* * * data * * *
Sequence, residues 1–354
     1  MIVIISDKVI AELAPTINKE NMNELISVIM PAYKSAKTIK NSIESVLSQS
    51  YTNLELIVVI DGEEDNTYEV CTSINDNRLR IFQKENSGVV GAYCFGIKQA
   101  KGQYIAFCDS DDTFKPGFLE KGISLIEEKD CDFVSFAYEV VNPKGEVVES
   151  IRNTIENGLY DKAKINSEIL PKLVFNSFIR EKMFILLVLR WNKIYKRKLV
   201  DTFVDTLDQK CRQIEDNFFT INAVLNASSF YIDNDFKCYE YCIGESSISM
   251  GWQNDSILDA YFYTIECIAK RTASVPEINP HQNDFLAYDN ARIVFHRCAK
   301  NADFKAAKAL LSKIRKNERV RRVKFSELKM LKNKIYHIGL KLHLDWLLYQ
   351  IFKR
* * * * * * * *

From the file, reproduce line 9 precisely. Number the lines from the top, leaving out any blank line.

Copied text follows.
   351  IFKR